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Showing posts from October, 2016

When the Student is the Teacher

In the Jewish tradition we read the concluding words of the Book of Deuteronomy, and then without skipping a beat open to the first chapter of Genesis. We read about Moses’ death and then in our next breath, the creation of the world. This is how we order our year. This is how we read our lives. Several years ago a close family friend died. Throughout his many years, Jerry served as a mentor. Recently his grandson, with whom I, as well as my son Ari, have now grown close, shared a surprising discovery. When he, and his family, searched through his grandfather’s library they came across a stack of letters, a pile of correspondence between Jerry and me. He scanned the letters to his computer and emailed them to me. There, these pages remained. Yesterday I began to read, and reread, the letters. Their meaning was unfurled... This post continues on The Wisdom Daily.

Five Lessons in Democracy

At last night's debate, and throughout the prior week, Donald Trump suggested that he would not accept the results of the upcoming election--that is I presume assuming that Hillary Clinton wins and he loses.  I have often believed, and taught, that the greatest lessons in our American democracy can be discovered in the concession speeches of those who lose.  They speak about the values we hold dear.  The victor speaks about grand promises, many of which go unfulfilled.  The losing candidate leans on the values that hold us together. And so in order to restore my faith in American democracy I reread those concession speeches--at least as far back as the 1996 election.  Here are the highlights, with some of my own commentary and of course rankings. 5. Bob Dole said in 1996: Let me say that I talked to President Clinton. We had a good visit. I congratulated him.  I have said repeatedly in this campaign that the president was my opponent not my enemy. And I wish him well and I p

Simhat Torah's Party

We are nearing the conclusion of the Tishrei marathon. We observed Rosh Hashanah, Yom Kippur, Sukkot and very soon, Simhat Torah. We travel from personal introspection and repentance to fasting and the recounting of our many failings to the wandering and fragility of temporary booths to the joy and dancing of Simhat Torah. We celebrate the conclusion of the Torah reading cycle and its simultaneous beginning. On this day we begin the cycle all over again. We believe that everything we ever wanted to know is in this scroll. It is only perhaps a matter of reading it at a different angle if the wisdom is not immediately apparent. This is because all wisdom is contained in this book. That is our Jewish faith. This day is therefore cause for great celebration. Simhat Torah is the quintessential Jewish holiday. It is about dancing and singing. And these more than anything else are more the Jewish postures than the fasting and litany of sins on Yom Kippur. We are supposed to celebr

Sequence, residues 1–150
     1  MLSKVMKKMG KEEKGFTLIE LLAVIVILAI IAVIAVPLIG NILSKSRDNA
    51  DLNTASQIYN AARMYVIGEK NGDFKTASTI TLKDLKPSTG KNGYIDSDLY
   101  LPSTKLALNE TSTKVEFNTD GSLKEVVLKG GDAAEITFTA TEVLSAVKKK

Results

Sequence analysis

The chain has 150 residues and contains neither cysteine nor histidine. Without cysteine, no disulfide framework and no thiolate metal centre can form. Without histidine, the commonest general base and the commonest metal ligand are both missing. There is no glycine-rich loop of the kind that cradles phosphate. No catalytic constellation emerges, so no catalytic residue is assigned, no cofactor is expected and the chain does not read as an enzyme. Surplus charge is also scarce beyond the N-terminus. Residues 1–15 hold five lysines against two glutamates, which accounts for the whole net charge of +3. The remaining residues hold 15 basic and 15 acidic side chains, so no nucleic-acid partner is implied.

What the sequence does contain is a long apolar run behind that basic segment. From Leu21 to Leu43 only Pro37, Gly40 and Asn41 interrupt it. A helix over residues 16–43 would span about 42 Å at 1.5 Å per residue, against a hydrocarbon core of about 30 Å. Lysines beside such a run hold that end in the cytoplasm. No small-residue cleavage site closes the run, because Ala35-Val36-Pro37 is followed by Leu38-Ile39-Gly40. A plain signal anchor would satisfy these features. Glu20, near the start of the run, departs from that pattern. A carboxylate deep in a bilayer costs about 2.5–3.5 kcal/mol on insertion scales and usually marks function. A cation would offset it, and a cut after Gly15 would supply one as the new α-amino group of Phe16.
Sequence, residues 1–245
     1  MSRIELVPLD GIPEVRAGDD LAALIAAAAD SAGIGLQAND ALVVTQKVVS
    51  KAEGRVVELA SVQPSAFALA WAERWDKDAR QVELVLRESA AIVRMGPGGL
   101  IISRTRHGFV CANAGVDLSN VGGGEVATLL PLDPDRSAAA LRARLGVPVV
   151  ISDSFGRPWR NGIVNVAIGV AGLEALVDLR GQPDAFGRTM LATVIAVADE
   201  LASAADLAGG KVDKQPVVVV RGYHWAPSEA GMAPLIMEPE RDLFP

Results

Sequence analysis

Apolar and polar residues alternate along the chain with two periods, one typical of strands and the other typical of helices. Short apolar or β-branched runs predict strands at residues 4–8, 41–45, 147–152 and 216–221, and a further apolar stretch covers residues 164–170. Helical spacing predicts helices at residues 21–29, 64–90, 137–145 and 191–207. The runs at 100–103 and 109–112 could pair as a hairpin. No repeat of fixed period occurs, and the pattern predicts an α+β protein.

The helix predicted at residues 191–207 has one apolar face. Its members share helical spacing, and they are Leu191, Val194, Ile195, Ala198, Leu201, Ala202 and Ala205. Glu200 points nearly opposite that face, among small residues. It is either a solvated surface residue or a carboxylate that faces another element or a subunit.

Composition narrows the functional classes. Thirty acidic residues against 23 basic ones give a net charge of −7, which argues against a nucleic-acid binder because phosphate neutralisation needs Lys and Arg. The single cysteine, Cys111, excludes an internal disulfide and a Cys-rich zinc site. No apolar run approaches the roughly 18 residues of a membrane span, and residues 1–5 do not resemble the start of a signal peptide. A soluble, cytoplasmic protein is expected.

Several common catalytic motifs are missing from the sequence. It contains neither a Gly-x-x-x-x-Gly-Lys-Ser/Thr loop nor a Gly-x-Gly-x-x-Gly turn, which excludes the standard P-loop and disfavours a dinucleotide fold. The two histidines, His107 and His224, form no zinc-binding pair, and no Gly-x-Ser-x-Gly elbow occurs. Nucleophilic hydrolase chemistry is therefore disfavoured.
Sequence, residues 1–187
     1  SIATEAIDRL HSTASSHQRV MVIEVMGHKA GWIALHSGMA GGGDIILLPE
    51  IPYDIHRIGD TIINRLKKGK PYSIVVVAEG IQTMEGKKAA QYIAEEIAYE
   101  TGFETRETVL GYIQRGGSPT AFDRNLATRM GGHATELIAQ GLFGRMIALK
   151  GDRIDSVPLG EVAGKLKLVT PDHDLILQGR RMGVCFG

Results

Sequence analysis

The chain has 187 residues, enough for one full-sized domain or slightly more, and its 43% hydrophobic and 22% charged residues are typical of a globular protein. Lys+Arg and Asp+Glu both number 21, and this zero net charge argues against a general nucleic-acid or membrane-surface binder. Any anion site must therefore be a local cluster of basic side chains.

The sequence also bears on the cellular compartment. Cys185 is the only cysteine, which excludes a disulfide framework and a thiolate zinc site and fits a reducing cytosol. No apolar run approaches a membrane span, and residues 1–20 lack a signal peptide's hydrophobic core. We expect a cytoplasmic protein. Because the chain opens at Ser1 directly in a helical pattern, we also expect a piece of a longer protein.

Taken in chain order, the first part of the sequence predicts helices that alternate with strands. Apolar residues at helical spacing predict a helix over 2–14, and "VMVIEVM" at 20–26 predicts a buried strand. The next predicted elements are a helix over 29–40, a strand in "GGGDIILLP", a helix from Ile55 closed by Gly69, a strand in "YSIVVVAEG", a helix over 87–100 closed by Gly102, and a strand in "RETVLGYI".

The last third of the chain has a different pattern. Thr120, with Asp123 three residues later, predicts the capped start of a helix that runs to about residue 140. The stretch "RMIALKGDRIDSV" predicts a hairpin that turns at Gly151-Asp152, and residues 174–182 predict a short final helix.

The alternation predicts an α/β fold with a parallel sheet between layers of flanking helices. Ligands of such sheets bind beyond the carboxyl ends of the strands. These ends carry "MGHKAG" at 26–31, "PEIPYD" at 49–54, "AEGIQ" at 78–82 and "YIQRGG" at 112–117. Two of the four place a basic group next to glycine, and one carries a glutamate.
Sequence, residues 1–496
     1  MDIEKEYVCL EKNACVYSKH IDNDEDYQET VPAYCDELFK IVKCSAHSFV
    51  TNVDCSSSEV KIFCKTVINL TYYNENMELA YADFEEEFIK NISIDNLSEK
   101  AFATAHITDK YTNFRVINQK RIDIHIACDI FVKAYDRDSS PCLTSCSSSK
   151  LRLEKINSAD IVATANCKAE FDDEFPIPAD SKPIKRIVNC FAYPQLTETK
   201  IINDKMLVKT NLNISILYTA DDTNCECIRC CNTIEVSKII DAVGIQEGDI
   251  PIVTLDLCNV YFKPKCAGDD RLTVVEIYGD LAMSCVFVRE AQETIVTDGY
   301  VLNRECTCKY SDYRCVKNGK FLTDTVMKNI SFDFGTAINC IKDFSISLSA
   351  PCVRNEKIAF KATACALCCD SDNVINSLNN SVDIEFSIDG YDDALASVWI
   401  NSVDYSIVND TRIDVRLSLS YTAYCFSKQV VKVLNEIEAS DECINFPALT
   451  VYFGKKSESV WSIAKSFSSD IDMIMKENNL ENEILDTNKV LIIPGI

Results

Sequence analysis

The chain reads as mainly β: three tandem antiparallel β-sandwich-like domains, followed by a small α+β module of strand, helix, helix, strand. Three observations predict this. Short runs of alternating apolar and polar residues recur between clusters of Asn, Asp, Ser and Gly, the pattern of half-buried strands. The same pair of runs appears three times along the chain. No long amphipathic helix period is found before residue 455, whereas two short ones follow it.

UNESCO's Every Grain of Sand

Elie Wiesel said: “[T]hen, too, there are the Palestinians to whose plight I am sensitive but whose methods I deplore. Violence and terrorism are not the answer. Something must be done about their suffering, and soon. “ Once again Palestinian methods diminish the justice of their cause. Terrorism continues. And then yesterday, the United Nations Education, Scientific and Cultural Organization (UNESCO) whose motto is “Building peace in the minds of men and women,” affirmed a biased anti-Israel, and antisemitic, statement about Jerusalem. In particular this statement, which was fashioned by Palestinian and Arab leaders, recognizes the Muslim connection to Jerusalem but is silent about the Jewish attachment to the holy city. It denies our historical connection to the Temple Mount.... This post continues on The Times of Israel.

Sacrifice, Courage and Healing